Screenshot of The Comet Game

The Comet Game

(Firebird, 1986)

This game was supposed to have been released in time for the appearance of Halley’s Comet, but the deadline was missed. Anyway, a manned probe has been sent to explore the surface of the comet, and while it’s on its way there, you have to complete twenty tasks, picked at random from five sub-games ranging from playing with electrical circuits to making the tea! Complete a task and you’re OK; fail and the game is over. Most of the games are enjoyable, but it’s such a chore having to play them over and over again. It would be nice if you could actually pilot the probe.

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Screenshot of Commando


(Elite, 1985)

It’s one man against an army as you go it alone and advance into enemy lines and try to reach the fortress, as bullets, grenades and rockets explode all around you – there’s no way you’re going to retreat. You have to try to replenish your own supply of grenades as you’re doing this, too. From the first moment you start the game, you’ll be shocked at the amount of action going on – there’s no time to take a breather here. The graphics are OK but are a bit blocky, while the music, again reasonable, becomes irritating – and where’s the rat-tat-tat of gunfire? It’s a good game, but a bit too difficult for my liking.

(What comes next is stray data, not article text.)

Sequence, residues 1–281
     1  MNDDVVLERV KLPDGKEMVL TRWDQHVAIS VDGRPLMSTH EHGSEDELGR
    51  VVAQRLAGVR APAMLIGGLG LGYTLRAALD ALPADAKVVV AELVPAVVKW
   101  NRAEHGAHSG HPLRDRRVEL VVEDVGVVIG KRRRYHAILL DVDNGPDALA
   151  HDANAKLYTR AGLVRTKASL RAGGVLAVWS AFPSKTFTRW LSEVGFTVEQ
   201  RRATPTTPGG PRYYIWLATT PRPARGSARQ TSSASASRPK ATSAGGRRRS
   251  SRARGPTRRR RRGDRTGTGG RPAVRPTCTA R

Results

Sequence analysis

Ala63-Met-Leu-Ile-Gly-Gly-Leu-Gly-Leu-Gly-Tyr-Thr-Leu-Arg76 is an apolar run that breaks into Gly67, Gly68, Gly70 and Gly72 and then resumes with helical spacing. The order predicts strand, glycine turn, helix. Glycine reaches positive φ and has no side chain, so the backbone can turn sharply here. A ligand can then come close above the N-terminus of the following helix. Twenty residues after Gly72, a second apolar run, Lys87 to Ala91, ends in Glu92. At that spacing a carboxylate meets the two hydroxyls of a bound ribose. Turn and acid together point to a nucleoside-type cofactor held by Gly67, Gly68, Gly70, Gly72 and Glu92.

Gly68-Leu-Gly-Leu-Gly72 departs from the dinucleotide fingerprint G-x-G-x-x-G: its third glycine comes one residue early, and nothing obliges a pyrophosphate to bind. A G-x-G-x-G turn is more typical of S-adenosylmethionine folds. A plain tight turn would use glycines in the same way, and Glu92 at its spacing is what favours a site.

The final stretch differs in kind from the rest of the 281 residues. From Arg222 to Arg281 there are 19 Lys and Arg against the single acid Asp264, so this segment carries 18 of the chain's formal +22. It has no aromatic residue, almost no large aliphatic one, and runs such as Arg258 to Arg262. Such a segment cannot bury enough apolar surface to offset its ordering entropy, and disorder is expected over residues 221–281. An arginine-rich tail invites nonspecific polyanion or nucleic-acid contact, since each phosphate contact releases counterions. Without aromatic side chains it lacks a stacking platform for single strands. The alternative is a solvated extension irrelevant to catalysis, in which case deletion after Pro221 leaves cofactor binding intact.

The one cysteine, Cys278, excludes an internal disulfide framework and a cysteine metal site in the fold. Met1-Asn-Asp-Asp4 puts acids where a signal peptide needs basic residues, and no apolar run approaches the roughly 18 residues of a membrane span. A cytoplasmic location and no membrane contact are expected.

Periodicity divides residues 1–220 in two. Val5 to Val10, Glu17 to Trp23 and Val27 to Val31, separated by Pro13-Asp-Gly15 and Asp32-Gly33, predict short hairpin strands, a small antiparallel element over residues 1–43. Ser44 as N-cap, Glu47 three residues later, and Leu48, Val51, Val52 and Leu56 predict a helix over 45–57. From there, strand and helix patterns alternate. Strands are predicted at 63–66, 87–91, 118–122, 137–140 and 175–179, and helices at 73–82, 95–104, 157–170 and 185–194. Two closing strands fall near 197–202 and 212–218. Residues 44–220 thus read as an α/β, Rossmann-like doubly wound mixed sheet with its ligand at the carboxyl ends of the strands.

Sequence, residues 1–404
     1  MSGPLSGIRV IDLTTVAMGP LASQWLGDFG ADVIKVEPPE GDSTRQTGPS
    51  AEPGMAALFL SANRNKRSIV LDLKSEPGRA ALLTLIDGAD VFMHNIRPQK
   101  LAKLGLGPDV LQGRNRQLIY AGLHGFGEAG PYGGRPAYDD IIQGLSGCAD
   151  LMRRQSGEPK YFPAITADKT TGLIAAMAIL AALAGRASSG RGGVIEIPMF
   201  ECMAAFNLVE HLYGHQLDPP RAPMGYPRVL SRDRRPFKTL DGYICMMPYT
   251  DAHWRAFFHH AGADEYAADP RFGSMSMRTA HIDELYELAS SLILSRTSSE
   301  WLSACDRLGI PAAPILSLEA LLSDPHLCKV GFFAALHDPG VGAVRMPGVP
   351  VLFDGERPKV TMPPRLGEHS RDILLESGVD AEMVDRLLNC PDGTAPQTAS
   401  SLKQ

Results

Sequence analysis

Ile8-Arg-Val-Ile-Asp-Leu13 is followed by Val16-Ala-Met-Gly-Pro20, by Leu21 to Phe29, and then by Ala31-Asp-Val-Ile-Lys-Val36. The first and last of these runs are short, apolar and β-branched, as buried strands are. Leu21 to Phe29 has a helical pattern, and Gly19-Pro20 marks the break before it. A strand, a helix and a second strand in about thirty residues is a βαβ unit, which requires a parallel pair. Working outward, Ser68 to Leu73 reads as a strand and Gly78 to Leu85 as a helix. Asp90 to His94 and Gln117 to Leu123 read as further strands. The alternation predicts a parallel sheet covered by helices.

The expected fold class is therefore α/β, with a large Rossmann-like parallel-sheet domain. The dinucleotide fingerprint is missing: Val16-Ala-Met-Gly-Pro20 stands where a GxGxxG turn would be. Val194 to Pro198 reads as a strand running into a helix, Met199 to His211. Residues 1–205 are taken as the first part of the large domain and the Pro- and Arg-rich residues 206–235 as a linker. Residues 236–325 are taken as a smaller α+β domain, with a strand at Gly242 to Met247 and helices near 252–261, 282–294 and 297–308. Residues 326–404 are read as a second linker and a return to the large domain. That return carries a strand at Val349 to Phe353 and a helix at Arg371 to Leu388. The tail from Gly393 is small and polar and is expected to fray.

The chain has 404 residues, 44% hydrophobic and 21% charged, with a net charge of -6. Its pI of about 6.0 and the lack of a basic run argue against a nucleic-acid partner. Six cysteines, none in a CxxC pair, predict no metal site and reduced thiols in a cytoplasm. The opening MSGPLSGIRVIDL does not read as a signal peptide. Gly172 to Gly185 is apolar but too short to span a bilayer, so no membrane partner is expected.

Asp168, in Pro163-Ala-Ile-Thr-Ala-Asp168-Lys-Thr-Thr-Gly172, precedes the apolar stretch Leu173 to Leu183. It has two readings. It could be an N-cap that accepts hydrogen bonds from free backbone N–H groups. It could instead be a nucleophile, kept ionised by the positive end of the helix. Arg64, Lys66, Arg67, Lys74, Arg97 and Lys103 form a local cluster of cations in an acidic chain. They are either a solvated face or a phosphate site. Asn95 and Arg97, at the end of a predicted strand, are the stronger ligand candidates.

See also: Duet.

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Screenshot of Commonwealth Games

Commonwealth Games

(Tynesoft, 1986)

This collection of six sporting events is also known as European Games, having been rebranded after the cover artwork depicted an athlete giving what looks like a Nazi salute – oops! In each of the events, you have to waggle the joystick or press two keys alternately, although unlike a lot of games of this nature, you don’t have to do this really quickly. The six events are the hammer throw, swimming, cycling, running, the long jump, and weightlifting. The graphics are poor and the animation is laughably bad, particularly in the swimming and running events, where the athletes move a bit, stop, then move a bit more, then stop again, and so on. To borrow an athletics-based idiom, the bar for qualifying is set very low, and you can progress to the next event even if you don’t qualify. It may not break your joystick, but I’ve played much better multi-event games than this one.